>In article <eesnyder.697915657 at beagle> eesnyder at boulder.Colorado.EDU (Eric E. Snyder) writes:
>>Just as _Drosophila_ P-elements appeared to have
>>arisen _de novo_ in the 1920s...
> P elements are thought to have been transfered laterally
to _D. melanogaster_ from a species in the _D. Willistoni_ group. The
vector is thought to be the mite _Proctolaelaps regalis_. P elements
are abundant in willistoni group flies, but absent in species closely
related to melanogaster. See Houck, et.al., 1991, Possible Horizontal
Transfer of _Drosophila_ Genes by the Mite _Proctolelaps regalis_,
Science 253, 1125-1128
The author's present several lines of indirect evidence.
1.) High sequence similarity in _melanogaster_
2.) Abundance in _willistoni_ group flies (It would be interesting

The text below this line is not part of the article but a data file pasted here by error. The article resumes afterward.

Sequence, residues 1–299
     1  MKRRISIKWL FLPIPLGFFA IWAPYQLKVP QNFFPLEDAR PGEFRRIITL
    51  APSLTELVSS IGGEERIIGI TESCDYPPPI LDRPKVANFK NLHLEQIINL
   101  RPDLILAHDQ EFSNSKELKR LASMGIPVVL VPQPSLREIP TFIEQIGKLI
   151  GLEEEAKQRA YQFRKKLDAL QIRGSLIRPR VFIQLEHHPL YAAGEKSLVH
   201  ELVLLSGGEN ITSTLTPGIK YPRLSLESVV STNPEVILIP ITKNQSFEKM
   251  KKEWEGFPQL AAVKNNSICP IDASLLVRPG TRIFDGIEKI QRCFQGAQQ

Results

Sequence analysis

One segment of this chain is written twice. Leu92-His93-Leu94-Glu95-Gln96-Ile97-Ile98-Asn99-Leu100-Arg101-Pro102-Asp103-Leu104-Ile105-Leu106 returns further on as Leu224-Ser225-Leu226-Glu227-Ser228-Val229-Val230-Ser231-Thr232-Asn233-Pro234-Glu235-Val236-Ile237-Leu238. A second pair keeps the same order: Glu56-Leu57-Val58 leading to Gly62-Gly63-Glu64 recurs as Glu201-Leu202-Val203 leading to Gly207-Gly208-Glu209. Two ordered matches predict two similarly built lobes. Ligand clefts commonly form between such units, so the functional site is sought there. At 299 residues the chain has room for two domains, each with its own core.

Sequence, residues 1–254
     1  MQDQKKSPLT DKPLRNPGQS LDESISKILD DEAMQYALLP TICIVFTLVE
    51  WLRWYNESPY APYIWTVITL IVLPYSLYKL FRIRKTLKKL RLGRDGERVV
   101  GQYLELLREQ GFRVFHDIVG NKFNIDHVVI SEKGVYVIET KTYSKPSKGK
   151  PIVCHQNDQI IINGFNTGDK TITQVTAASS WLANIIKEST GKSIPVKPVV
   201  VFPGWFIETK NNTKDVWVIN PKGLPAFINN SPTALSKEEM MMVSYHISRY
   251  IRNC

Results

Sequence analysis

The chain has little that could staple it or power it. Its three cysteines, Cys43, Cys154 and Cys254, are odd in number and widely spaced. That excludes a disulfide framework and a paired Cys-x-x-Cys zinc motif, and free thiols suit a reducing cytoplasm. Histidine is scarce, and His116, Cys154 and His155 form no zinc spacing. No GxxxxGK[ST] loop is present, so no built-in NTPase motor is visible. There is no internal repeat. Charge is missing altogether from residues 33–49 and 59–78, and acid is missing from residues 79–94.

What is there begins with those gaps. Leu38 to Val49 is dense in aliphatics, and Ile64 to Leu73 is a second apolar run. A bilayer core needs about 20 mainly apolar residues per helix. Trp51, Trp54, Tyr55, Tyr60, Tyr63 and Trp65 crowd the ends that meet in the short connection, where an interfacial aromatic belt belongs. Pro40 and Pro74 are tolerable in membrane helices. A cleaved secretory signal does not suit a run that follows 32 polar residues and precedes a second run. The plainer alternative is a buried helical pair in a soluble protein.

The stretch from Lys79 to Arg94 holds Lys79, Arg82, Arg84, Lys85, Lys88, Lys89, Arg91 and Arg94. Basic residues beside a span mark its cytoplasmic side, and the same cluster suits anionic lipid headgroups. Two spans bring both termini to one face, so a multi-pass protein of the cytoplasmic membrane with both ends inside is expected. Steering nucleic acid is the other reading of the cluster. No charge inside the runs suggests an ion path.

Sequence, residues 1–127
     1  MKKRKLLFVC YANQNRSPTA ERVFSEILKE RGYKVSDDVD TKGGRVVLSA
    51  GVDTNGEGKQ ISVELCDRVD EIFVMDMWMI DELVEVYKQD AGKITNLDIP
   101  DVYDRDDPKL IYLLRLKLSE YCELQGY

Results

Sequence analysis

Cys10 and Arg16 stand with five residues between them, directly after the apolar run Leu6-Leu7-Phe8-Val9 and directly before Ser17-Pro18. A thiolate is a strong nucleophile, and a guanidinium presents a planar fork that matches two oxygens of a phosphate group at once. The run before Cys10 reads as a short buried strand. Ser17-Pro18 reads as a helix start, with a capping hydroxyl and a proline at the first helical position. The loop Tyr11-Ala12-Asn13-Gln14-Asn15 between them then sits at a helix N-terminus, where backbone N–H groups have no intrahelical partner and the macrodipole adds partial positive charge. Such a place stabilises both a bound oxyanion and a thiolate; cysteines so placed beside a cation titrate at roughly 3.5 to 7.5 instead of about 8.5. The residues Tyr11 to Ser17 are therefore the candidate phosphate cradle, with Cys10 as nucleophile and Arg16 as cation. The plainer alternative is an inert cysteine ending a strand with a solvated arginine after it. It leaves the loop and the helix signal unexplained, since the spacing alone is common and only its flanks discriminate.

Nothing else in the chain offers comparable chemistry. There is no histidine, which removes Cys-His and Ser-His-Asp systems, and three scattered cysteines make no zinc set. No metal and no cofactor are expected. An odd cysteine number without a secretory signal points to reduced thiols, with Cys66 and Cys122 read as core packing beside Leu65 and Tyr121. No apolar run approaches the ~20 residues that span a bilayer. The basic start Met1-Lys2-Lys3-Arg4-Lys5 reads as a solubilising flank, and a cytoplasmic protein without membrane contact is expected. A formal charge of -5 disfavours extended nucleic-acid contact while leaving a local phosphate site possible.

to see how variable they are in/among those species)
3.) Absense in species closely related to _melanogaster_
4.) Overlapping ranges where mites interact with both flies.
They also present some diect evidence. The mite pierce
the flies and take in fluids. The authors show that mites that
live on strains carrying P, can obtain it. And since the mite
pierces the fly, it could transfer the element (it's mobile after
all) to it's host.
The paper makes a much better case for it than I do here --
a good read.